“Smoke from the Camp Fire has lifted somewhat,” allowing Robert Kermen to get out of his northern Sacramento Valley home to do some errands in Chico.
Gingko biloba, Chico (11/19/18) Robert Kermen
He found gingko biloba in full peak along Chico’s Esplanade.
He was moved by an American flag, seeing it as a symbol of Butte County rebounding from the Camp Fire, where many of Robert’s friends and relatives lost their homes and businesses.
While in town, he stopped to pick persimmons which he plans to turn into persimmon cookies and jello for the holidays.
Robert recommends using the Hachiya persimmon for cooking, not the Asian or Japanese (Fuyu) persimmon (Diospyros kaki). The latter can be eaten like an apple and are great on a salad topped with vinegar and oil.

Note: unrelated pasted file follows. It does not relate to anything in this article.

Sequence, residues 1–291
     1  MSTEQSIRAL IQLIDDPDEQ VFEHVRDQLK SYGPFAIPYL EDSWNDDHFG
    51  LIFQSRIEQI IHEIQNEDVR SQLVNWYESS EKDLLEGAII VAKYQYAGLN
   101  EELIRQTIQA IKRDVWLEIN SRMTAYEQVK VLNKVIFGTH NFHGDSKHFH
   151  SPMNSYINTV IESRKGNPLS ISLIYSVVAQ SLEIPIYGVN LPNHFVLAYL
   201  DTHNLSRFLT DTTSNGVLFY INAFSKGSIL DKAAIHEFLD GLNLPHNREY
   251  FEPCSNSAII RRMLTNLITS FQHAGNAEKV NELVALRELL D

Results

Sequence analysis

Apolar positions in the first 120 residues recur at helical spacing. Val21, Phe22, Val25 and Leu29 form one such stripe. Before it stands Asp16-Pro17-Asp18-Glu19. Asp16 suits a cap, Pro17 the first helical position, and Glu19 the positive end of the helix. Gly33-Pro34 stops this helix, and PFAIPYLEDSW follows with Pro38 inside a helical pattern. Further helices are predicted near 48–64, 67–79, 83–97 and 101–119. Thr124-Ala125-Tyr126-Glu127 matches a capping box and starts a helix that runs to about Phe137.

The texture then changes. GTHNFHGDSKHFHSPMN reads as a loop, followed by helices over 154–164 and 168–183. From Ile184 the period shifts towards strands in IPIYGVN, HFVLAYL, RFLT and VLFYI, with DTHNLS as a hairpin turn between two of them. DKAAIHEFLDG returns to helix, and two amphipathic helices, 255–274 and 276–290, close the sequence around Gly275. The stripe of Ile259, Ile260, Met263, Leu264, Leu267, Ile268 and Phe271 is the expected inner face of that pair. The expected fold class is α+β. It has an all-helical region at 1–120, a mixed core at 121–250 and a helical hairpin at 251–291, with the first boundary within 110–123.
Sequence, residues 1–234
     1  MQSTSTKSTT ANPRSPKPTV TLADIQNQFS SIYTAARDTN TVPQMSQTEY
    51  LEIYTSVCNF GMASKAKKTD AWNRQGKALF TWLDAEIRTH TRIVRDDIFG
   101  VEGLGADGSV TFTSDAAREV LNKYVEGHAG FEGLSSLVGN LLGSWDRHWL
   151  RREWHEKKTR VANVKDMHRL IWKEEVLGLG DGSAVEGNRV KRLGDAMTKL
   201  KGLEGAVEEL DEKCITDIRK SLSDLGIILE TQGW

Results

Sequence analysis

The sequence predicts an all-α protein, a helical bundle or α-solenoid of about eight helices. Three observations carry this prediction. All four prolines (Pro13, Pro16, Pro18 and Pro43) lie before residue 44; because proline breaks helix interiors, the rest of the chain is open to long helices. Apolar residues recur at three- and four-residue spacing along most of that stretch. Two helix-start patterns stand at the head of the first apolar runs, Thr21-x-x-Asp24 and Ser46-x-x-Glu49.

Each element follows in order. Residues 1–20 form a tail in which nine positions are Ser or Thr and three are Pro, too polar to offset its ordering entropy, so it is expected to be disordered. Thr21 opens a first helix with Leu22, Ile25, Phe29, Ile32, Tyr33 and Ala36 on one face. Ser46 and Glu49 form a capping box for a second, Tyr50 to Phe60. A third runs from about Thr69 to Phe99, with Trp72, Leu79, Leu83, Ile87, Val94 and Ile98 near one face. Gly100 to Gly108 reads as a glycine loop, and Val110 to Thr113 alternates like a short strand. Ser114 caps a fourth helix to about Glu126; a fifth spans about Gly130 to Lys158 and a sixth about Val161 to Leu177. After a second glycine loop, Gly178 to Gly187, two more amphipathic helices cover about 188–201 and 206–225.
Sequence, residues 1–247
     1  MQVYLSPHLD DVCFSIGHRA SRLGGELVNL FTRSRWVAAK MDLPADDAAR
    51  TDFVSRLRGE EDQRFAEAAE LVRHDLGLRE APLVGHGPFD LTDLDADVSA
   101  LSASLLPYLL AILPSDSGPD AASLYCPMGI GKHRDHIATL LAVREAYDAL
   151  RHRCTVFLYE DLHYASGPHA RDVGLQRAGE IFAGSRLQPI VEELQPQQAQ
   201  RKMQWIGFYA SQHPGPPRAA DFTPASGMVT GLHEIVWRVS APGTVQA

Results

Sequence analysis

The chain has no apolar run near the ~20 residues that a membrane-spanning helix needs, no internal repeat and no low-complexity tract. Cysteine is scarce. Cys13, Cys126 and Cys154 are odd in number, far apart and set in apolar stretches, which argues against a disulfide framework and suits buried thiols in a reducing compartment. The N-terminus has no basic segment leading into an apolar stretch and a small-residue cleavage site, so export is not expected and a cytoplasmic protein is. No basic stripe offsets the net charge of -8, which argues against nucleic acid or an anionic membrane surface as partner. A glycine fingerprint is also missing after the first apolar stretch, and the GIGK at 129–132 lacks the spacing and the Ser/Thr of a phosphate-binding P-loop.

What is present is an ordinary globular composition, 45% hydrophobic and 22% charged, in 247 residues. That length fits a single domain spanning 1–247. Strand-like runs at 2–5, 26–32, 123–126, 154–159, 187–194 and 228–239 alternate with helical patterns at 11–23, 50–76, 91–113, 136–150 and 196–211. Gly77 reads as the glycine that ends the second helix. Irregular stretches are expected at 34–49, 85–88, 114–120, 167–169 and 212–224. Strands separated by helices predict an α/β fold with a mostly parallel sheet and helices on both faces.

Hachiya persimmons must ripen completely before they can be eaten otherwise they are astringent.
That doesn’t stop wildlife from getting to them before they’re picked, as the American robin is doing in this picture.
Persimmons are favorite fare for opossums, rodents, white-tailed deer, raccoon, fox, black bear and skunks.
The Georgia Dept. of Natural Resources reports, Ozark “Folklore tells us that if you slice a persimmon seed lengthwise, you will find the image of a spoon, knife or fork. Supposedly, the presence of a knife means we are in for a rough, unsettled winter. A mild winter is predicted by the image of spoon. If a fork is seen, our winter is supposed to be medium to bad.”
In Korea, dried persimmon (gotgam) are said to scare away tigers.